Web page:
As a subscriber of Style Theory Apparel, what are some of your favourite hits about our service?
The fit is always great! I prefer not to buy or try clothes in Singapore in general, because the fit is always catered to petite or smaller sized girls. The clothes in local retail stores always make me feel bad — like I’m too fat for this shop. Style Theory, on the other hand, has clothes that are very flattering, and they fit well. The fit algorithm helped a lot in picking the right size too.
Where do you think Style Theory can do better?
Style Theory is more for working adults, and even though my style is a bit “weird”, I do love a lot of the clothes on the app. I have about 50 items on my wish-list but I always think that I don’t have time to wear it because I’m always at home. I feel that Style Theory’s outfits are too formal, too glam for casual day.
What is important for you when it comes to renting? (Do you rent more for work, weekend, events or travel?)
Mostly, occasions and travels. I don’t have to buy clothes and don’t succumb to the societal pressure of wanting to impress people at functions. I feel that I always meet the same people so I can’t wear the same thing. That’s where Style Theory comes in handy and I love that I don’t have to do laundry, iron or fold the clothes.
Were there any times during your subscription that you felt closest to what the brand stood for? Could you walk us through that?
100%! I do believe there’s no end point to anything, and as humans, we will never stop growing and learning. We are always progressing, and in the process of self-exploration, and that is most important.
How do your friends describe your personality?
Whimsical, quirky, empathetic!
How has your personal style influenced your drawings and henna designs?
My drawings and paintings using makeup, and experimenting with makeup.
What’s your personal philosophy?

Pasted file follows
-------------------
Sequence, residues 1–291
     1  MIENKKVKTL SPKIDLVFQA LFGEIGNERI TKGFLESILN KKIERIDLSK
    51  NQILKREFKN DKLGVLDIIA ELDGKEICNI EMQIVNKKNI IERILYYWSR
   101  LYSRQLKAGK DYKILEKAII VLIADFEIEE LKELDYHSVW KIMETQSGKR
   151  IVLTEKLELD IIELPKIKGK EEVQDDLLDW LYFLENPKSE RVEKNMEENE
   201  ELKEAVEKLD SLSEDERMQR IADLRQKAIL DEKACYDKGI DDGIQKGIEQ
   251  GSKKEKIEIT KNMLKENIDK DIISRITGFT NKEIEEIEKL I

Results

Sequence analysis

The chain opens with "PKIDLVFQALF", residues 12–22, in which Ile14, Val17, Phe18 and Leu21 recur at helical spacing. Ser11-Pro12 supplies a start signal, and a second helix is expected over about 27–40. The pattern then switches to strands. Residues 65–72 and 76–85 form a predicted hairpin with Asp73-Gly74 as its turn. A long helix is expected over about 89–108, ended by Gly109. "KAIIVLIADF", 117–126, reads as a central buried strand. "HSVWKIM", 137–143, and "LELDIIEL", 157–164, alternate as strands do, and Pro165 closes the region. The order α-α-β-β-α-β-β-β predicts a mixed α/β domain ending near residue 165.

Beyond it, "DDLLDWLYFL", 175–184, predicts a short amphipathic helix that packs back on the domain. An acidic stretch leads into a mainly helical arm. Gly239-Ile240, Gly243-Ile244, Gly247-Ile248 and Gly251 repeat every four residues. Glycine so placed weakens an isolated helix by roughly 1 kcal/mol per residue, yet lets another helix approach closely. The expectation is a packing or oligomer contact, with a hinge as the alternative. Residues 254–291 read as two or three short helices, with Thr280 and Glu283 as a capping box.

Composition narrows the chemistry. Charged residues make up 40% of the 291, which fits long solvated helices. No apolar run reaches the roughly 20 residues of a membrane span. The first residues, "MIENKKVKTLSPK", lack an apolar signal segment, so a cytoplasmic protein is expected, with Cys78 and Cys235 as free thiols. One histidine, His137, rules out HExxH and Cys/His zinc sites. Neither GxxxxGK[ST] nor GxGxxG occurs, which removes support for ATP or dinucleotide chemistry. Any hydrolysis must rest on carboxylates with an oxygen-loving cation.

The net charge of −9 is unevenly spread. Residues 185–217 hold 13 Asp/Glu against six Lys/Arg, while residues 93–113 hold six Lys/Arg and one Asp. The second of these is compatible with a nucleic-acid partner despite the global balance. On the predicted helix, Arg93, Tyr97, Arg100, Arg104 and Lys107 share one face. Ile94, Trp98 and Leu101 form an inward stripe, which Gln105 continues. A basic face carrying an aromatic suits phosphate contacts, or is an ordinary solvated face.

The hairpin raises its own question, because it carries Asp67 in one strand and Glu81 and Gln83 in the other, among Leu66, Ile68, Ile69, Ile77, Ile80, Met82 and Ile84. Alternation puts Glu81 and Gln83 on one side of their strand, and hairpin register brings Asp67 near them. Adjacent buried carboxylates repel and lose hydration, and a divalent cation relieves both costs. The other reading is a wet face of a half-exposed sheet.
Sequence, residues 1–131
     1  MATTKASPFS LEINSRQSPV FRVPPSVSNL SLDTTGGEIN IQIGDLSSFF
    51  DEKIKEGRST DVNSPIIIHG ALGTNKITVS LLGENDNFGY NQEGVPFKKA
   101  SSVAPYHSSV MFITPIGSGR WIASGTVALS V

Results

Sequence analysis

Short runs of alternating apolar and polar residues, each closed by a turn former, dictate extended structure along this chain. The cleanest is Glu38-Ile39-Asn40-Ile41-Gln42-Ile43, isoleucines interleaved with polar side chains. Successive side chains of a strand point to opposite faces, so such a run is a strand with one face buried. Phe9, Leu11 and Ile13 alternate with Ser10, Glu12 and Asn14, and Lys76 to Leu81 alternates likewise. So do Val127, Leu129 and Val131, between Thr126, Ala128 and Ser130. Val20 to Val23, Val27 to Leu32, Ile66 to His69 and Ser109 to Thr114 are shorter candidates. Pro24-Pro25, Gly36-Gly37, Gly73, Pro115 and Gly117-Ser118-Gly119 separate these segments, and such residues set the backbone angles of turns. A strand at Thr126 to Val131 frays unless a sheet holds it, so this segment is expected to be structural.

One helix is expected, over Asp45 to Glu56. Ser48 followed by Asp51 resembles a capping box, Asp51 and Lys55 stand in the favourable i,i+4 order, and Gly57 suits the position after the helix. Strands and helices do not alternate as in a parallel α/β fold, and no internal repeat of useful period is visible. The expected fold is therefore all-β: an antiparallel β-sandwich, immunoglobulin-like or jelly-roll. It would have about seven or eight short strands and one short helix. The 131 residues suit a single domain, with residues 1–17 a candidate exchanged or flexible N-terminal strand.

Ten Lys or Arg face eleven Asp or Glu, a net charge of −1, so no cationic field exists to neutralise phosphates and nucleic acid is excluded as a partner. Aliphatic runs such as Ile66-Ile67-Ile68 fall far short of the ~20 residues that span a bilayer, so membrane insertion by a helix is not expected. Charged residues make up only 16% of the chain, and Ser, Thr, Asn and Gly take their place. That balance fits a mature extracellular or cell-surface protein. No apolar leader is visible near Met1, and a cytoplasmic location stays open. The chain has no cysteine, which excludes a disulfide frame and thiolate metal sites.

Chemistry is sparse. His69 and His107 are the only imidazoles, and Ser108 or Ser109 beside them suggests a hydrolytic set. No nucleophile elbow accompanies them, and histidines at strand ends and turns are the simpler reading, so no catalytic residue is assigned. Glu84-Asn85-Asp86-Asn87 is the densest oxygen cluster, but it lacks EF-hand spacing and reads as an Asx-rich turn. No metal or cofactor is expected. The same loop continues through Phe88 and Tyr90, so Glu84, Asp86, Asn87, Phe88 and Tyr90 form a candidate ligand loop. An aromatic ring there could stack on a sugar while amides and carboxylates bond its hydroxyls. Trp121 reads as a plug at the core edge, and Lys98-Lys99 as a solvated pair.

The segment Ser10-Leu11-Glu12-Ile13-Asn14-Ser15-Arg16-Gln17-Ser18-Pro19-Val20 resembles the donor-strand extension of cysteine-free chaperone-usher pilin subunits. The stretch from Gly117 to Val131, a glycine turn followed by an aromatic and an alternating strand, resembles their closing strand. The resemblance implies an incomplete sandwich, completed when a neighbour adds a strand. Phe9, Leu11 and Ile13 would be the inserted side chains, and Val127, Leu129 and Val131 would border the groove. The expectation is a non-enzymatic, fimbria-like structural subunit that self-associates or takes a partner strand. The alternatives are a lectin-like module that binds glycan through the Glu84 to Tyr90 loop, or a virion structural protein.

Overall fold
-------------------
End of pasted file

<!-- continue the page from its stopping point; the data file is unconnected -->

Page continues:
Believing in myself, and that I have the power to control how I feel over certain things. It makes you responsible for whatever happens in your life and not simply resigning it to fate.
=What are some of your favourite off-duty activities? (Where can we find you on a day-off?)
At the meditation studio! Meditation helps to ground me, especially when I’m stressed and in need of healing. Some classes don’t require much, it is simply an outlet to rest and relax in a quiet place. It helps in clearing your mind, while at the same time, those thoughts you’ve tried to suppress will eventually surface, and you can address them later on.
What are some resolutions or changes you have made recently and have still kept to it?
I don’t make resolutions, I don’t believe in it. But I am committed to work and growth as a person. It helps in learning more things and being open to more experiences.
We’re almost done with 2019! What are some experiences or things you would want to try in 2020? What are some things you want to try in 2019/2020?
Travel more to relax, and try working overseas — New York is a great start.
I would also like to try to relax more, learn how to build boundaries, and have a balance in my life.
Do you have any advice for those who are looking to enter the workforce or create new waves at their current role? (How would you encourage or talk about hustling to people looking for change at work?)
Always strive to give value, no matter what. Don’t fear fear. It’s the worst thing that can happen.
Inspired by See Min’s style? Rent her picks from the Infinite Wardrobe: